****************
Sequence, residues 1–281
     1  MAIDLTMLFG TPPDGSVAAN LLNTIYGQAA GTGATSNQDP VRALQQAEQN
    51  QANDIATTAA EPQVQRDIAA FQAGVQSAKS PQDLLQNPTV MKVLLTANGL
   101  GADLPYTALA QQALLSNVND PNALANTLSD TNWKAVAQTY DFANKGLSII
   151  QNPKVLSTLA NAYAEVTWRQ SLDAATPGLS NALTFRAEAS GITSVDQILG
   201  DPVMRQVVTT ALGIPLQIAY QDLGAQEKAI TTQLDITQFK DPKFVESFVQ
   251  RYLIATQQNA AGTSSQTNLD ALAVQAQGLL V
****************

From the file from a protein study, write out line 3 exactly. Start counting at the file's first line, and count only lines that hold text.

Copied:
    51  QANDIATTAA EPQVQRDIAA FQAGVQSAKS PQDLLQNPTV MKVLLTANGL